There are a lot of restaurants that have a dress code. Men must wear a suit and tie. Ladies must wear a dress, stockings and shoes. Couples like to have a romantic dinner sometimes without a lot of children at the restaurant. Also, since there are mostly adults as couples, the foods are for adults. There is plenty of wine for a romantic dinner. The tables are spaced apart for more privacy. These are perfect restaurants to go to on a first date. They are not noisy and dimly lit for romance. They are also a good place to go to propose to your girlfriend. Married couples may go to celebrate their wedding anniversary or to just have a nice quiet dinner away from their children.
Langston Hughes was born in Joplin, Missouri on February 1, 1902. Later he moved to Kansas with his mother. He loved to visit his grandmother who lived nearby. She told him interesting and thrilling stories about his grandparents. He soon discovered that the wonderful world of books could bring him great pleasure. He loved to read everything like novels, plays and poetry. Hughes also began to write poetry.
Langston Hughes could not make his living by writing until he was about thirty. Until then he had many different jobs. He was a waiter’s assistant, clerk, waiter and even a cook. During this time he traveled to Mexico, Haiti, France and Italy. He was encouraged by other people to keep writing and sending his work to publishers.
Langston Hughes is best known for his poetry. His poems about people’s joys and sorrows are enjoyed by young and old. In addition to his poetry, Hughes has written novels, operas and plays. His writings have been translated into Chinese, French, Japanese and many other languages. He received many awards and honors for his outstanding writing. In 1953 he received the Ainsfeld Wolfe Award and in 1960 he won the Spingarn Medal, awarded every year to an African American person of outstanding achievement.
I went to prison at 21 years as a transgender woman. I sued the Georgia Department of Corrections and won my right to hormones and laser hair removal. Having witnessed my mother's murder at 6, I grew up as a ward of the State of Maryland and had a traumatic, painful childhood full of abuse and disappointment. At 17, I ran away to Georgia and used sex work to get by - something I'd done since I was 14. Eventually I found myself facing felony charges for something that happened when I was 19 and was sentenced to 14 years in prison. In 2012, I entered the Georgia prison system. When I was a preteen, I knew something was wrong with me. I've identified as trans since I was 11. I began bartering for my girlfriend's birth control pills in high school, wishing the estrogen in the pills would hyperfeminize me - or at the very least keep me from being masculinized by male puberty. While growing up in foster homes, I struggled with my identity. At 19, I was caught up in drugs and sex work which led to my arrest for pandering and pimping a 17-year-old.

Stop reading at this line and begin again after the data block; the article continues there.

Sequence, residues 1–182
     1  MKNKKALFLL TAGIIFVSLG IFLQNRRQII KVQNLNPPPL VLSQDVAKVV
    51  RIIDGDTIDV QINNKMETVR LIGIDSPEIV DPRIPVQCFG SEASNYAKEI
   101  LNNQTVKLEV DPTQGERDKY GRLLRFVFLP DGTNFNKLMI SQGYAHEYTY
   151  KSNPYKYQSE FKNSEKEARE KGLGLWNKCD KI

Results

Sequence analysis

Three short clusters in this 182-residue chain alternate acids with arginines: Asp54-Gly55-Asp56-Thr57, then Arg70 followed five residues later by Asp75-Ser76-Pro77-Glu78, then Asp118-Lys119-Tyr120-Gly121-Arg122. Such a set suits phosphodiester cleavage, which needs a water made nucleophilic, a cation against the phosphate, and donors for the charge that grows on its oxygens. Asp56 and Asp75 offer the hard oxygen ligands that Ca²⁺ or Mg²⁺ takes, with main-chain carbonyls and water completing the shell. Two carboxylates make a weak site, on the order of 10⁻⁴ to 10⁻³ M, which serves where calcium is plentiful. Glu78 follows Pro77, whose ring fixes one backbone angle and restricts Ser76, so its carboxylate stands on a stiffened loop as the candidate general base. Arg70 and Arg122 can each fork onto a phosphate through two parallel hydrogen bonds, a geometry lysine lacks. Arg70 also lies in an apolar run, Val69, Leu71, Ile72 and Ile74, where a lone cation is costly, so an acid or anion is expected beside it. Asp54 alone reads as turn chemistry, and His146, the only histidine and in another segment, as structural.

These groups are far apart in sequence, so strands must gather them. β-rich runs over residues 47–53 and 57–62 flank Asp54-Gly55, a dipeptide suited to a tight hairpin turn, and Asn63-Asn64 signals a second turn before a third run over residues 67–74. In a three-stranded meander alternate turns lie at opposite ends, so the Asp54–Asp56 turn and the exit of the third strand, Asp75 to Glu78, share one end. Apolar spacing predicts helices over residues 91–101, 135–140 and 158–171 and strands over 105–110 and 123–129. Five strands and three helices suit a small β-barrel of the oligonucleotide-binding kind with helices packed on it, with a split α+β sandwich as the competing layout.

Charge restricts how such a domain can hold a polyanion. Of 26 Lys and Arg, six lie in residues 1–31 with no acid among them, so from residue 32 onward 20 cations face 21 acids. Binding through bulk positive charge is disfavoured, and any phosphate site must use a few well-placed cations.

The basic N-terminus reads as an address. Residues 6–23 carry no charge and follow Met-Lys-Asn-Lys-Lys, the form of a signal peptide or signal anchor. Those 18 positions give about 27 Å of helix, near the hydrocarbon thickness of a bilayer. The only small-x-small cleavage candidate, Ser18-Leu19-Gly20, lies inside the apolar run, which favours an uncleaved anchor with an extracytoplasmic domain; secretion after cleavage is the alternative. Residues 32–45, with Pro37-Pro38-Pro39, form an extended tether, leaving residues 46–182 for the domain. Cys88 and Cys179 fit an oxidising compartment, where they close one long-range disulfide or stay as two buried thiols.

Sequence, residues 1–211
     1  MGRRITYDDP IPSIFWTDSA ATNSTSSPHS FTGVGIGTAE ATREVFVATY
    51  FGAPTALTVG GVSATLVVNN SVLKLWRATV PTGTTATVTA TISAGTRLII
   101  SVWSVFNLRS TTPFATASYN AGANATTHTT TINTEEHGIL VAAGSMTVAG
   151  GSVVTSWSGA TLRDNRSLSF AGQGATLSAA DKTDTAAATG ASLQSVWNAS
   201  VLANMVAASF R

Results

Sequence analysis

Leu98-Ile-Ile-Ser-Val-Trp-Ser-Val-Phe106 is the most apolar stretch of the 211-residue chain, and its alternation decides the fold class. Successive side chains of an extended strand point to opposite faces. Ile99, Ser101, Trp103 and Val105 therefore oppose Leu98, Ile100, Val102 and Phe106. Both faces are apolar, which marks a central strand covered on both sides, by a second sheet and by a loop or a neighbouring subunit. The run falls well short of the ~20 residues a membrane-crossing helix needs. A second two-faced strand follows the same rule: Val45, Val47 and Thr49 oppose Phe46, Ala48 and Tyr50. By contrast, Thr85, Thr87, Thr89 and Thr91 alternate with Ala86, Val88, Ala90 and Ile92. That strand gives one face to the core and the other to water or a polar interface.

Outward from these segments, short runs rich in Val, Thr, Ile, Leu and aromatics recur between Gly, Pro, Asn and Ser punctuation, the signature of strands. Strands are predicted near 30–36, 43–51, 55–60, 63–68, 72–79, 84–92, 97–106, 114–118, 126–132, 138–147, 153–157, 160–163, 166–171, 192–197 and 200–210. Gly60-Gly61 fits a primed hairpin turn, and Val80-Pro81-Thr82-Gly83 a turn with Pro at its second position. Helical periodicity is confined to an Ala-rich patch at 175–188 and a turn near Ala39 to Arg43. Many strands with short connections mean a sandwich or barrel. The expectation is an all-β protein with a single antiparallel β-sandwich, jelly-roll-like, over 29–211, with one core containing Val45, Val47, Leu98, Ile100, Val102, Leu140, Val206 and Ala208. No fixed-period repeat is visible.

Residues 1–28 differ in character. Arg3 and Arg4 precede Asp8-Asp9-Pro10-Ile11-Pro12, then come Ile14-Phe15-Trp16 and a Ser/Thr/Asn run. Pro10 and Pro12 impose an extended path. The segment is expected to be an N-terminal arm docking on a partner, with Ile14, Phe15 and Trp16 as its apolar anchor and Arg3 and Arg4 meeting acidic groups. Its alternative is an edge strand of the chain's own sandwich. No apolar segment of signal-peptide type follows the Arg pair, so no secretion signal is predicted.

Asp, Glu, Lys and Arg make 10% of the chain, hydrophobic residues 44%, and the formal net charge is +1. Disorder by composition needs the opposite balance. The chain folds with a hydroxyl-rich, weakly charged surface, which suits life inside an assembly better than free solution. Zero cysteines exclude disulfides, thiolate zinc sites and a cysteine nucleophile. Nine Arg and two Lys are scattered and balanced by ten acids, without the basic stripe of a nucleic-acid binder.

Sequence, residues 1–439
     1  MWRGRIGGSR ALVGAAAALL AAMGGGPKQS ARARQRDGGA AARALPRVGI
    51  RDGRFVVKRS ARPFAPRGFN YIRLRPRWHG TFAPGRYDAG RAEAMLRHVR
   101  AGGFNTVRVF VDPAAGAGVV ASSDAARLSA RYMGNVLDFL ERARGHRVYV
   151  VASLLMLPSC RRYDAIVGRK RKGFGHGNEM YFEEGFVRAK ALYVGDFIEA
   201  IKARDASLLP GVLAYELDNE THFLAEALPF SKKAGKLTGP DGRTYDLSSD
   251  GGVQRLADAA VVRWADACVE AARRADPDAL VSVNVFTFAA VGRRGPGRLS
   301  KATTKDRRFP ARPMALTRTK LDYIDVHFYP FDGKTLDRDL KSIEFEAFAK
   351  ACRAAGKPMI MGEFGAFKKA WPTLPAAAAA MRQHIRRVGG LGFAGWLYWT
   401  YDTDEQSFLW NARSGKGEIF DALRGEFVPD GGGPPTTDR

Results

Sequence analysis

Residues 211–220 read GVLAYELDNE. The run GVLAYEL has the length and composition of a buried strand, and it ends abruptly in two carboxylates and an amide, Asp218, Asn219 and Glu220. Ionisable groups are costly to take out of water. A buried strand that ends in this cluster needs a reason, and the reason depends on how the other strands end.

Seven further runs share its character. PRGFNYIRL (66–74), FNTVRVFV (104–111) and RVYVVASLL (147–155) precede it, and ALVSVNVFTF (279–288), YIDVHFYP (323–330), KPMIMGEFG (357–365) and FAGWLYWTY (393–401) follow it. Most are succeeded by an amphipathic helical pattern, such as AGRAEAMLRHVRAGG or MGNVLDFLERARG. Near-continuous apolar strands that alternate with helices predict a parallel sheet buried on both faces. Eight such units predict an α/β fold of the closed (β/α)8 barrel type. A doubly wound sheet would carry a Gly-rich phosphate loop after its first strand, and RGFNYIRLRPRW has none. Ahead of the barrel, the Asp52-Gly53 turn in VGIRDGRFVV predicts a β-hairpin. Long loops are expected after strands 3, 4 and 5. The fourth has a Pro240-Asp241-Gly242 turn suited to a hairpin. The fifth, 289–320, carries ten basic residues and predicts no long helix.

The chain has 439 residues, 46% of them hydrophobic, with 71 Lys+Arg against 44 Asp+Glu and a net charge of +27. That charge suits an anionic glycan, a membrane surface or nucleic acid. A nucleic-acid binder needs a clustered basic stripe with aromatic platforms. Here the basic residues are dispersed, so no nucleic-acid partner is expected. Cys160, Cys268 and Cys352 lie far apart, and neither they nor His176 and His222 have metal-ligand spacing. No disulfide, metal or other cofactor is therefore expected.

As I near my 2025 release, I'm filled with excitement and anticipation. I've earned a degree in paralegal studies while in prison, a certificate in civil litigation and completed a degree in theology.
Staff: Alright Mr. Geller, right this way. So how dark do you want to be? We have 1, 2 or 3.
Ross: Well, I like how you look. What are you?
Staff: Puerto Rican.
Ross: 2, I think a 2
Staff: You're going to face the red light. When the light goes on the spraying is about to start so close your eyes. When the spraying stops, count to 5, pat yourself down to avoid drip marks, then turn around so we can get your back. Got it?
Ross: Spray, count, pat, turn, spray, count and pat.
Staff: Wow! You catch on quick.
Ross: I have a Phd. You sprayed my front twice.
Staff: You never turned?
Ross: No, I barely got to 3 Mississippi.
Staff: Mississippi? I said count to 5.
Ross: Mississippilessly? Well, how bad is it?
Staff: Not bad yet, but it keep getting darker for the next 4 hours.
Ross: So how dark is it going to get?
Staff: You got sprayed with two 2s.
Ross: I'm a 4.
Staff: Yea, but your back is a zero. You're going to want to even that out.
Staff: You might want to get back in there.
Ross: OK. The same thing happened again.
Staff: You got two more 2s?
Ross: I'm an 8.